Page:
This one has oversize tires and has been lifted. My ‘86 never sat that high and the original H78’s never looked that big. The ‘popular’ big tire on 4×4’s in those days were roughly a 31×10 which would have been designated as a N78 at the time. The Cherokee Chief made them famous with the Goodyear Tracker series.

    Like 2
  15. Neal

    I’m a Scout fan through and through, but this is a swell rig too!
    I remember checking these out on lots with my parents back when they were new. Comparing Chiefs, Ramchargers, Blazers, Jimmies, and Broncos. We ended up with a ’79 Scout that was our daily driver through 1992. Always liked all of them though. This looks like a good deal.

  16. JoeNYWF64

    Which rusted faster – this or the vega? Sure, the 60’s cars rusted too, but why were most of the 70’s ones so much worse? & not just domestic.
    One would think with advancements in tech, the reverse would be true.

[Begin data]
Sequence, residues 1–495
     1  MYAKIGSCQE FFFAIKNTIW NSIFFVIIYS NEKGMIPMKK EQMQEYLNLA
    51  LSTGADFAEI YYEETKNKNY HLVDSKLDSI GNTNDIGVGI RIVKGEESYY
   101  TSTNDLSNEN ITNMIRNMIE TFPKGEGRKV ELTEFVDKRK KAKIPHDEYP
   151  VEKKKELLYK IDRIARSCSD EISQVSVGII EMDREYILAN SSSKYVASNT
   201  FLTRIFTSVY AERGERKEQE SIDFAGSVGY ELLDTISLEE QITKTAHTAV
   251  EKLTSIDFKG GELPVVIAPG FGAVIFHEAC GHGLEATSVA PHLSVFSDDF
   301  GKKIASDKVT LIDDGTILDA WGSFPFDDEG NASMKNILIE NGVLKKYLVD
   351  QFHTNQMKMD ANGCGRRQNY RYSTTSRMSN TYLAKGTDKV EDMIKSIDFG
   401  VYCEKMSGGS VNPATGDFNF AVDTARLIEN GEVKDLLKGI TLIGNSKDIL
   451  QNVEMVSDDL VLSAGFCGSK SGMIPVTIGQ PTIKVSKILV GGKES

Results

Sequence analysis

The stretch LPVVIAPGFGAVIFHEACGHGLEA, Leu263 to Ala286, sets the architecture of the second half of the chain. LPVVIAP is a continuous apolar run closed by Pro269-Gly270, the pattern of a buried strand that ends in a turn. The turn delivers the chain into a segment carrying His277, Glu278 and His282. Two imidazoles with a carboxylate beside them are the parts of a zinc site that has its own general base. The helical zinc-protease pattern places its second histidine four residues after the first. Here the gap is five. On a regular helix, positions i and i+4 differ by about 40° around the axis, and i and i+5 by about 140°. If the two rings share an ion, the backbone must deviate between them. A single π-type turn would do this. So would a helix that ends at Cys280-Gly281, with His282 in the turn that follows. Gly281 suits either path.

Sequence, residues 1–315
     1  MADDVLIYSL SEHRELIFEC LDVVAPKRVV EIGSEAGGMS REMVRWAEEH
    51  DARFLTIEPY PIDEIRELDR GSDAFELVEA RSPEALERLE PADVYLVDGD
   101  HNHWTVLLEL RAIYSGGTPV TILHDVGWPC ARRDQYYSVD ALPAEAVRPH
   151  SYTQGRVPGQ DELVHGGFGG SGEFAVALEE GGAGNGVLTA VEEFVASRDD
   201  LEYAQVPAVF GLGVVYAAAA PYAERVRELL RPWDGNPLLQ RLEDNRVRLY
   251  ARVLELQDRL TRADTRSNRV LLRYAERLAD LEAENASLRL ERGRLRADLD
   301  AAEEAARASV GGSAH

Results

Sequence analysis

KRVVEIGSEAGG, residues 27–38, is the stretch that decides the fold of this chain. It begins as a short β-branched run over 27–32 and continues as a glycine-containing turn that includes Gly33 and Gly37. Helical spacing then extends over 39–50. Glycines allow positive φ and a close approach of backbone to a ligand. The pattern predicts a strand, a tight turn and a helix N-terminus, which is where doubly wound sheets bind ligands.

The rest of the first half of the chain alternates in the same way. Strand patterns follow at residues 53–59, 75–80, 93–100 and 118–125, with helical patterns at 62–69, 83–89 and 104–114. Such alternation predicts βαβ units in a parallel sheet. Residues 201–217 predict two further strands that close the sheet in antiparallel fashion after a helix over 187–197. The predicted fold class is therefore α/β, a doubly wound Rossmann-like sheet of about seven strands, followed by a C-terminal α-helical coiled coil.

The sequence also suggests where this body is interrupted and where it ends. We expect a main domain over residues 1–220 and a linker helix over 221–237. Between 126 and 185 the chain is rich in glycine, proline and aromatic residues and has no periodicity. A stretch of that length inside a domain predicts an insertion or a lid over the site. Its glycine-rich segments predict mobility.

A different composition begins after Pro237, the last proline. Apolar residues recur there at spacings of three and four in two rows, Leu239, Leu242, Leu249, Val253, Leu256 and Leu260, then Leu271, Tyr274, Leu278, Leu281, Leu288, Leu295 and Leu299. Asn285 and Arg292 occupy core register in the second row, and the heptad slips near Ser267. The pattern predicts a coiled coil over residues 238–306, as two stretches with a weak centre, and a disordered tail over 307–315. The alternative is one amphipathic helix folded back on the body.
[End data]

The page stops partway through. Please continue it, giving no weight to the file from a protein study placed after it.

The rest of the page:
• local_sheriff

      There’s not really much that can finish off a squarebody other than body rot (unless one also includes bombs or wildfires). Having driven a ’77 Blazer as DD for years on wet’n’salty winter roads I don’t think C/Ks were any worse than other 70s vehicles rustwise; Japanese and European cars included. No vehicle is designed with immortality in mind; if so we’d have stainless steel cars!

      However, one should keep in mind how these were treated. Being trucks they usually saw heavy usage and hardly more than necessary maintainance – and if some costly repair was ahead then a dozen better and newer squarebodies could be found locally for a fraction of that repair bill. To the boneyard with it…! Chassis/ cavity coating to prevent corrotion in humid/ salty regions was unnecessary expenditure on a truck. We expected them to always be available in massive #s until they suddenly weren’t seen on the streets as they used to.

      18years of production should prove the C/K R/V to be a successful concept. I’m tempted to suspect GM during planning for the GMT400 to go for a lesser construction – not only to please the emissions crowd but also shorten the new C/K’s expected lifespan. Guess GM found the squarebody to be ‘too good’ a construction…

  17. Chevy Guy

    um… this is a GMC Jimmy..